The heads of major UN agencies warned Tuesday of COVID-19's risk to the world's most vulnerable countries, pleading for urgent support to the global emergency supply system.
They said that international donors have pledged around a quarter of the $2 billion the UN requested in the Global Humanitarian Response Plan for COVID-19 in March but said that the funds need “scaling up” to be effective.
"All elements of the Global Humanitarian Response Plan are crucial and need continued funding, but without these logistics common services, the global response could stutter to a halt," said the agency heads.
"Now is not the time to slow down. No one is safe until everyone is safe," said a letter by the heads of major UN agencies to international donors.
The letter has signatures from the heads of UN bodies such as the UN Refugee Agency (UNHCR), the World Food Program (WFP), the World Health Organization (WHO), the Office of the High Commissioner for Human Rights (OHCHR), the International Organization for Migration (IOM), the United Nations Children’s Fund (UNICEF) and other agencies.
"Humanity is collectively facing its most daunting challenge since the Second World War. COVID-19 knows no borders, spares no country or continent, and strikes indiscriminately," they wrote.
They said that the world seems to be at least 12 months away from a vaccine.
- COVID-19 Global Humanitarian Response Plan
The agencies noted that the UN Secretary-General on March 25 launched the COVID-19 Global Humanitarian Response Plan, requesting $2 billion to boost the global response.
“You have been fast and generous in your funding and have extended lifelines to those who were already caught up in war, poverty and the worst effects of climate change – especially at a time when your own populations are suffering from the impact of the virus,” the letter said.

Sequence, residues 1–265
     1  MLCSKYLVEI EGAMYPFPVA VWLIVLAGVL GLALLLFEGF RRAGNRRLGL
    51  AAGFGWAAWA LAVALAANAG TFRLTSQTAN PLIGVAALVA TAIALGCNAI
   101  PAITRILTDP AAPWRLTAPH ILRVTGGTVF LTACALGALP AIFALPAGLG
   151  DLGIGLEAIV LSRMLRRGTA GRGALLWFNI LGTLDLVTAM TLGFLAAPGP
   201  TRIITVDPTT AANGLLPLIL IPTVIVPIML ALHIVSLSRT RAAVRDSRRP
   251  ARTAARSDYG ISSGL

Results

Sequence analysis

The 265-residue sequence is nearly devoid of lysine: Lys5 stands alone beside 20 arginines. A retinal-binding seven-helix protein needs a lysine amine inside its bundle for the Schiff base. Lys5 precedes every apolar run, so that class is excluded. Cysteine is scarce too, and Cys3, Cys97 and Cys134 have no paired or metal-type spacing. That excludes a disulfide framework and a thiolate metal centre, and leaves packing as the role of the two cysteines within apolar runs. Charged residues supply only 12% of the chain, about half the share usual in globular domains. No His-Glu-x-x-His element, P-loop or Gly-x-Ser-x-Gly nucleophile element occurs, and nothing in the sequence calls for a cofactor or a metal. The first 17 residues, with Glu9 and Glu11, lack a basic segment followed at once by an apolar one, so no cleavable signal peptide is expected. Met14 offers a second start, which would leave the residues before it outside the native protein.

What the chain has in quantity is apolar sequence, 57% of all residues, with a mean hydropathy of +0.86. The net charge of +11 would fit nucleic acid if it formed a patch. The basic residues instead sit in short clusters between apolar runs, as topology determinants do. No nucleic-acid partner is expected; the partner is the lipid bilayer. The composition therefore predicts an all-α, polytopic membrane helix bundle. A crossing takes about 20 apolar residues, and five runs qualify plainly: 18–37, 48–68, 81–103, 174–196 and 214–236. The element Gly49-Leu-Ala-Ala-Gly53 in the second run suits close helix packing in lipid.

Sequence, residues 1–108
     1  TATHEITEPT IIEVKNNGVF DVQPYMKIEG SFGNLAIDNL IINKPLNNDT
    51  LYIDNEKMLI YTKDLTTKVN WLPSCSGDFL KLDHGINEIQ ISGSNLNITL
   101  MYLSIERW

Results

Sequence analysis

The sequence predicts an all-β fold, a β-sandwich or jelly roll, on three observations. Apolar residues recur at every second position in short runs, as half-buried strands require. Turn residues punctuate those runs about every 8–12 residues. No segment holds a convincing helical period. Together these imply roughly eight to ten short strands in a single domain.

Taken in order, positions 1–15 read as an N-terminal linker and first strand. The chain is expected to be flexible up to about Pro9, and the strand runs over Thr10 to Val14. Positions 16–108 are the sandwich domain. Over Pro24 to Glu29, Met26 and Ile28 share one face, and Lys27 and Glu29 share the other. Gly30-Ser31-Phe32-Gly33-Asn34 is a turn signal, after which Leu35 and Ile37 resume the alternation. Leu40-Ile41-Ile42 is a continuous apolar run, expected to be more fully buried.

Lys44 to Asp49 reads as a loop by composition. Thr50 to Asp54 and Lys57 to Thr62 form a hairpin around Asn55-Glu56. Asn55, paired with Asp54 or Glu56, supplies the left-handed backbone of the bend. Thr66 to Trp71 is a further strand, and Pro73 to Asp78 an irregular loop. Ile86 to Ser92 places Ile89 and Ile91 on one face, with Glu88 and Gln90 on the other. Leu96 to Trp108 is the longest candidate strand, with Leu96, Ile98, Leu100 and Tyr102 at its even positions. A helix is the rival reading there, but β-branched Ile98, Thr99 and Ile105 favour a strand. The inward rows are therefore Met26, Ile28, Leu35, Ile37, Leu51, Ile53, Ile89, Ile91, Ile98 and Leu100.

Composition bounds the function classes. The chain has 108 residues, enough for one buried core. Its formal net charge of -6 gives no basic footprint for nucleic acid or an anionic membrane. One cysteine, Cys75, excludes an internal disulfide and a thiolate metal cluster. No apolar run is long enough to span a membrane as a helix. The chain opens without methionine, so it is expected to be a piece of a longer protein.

Some $550 million has been made available to implement the plan to date, with significant additional resources being mobilized and pledged.
The Central Emergency Response Fund (CERF) has also released $95 million to launch the COVID-19 response, to help contain the spread of the virus, maintain supply chains, and protect the most vulnerable people, including women, refugees, and internally displaced persons.
“To get more deliveries off the ground, the WFP is setting up the vital logistics backbone that will help save lives and help halt the spread of the virus.
“WFP now urgently needs additional funding to establish the necessary transport hubs, charter vessels and provide aircraft for cargo, health workers and other essential staff,” the letter said.
“We, humanitarian organizations from across the world, therefore, call upon you to urgently support this global emergency supply system with an initial $350 million to enable a rapid scale-up of logistics common services,” it added.
The services the WFP provides for the entire global humanitarian community will enable a swift, efficient response to COVID-19 for those most vulnerable.
By Peter Kenny in Geneva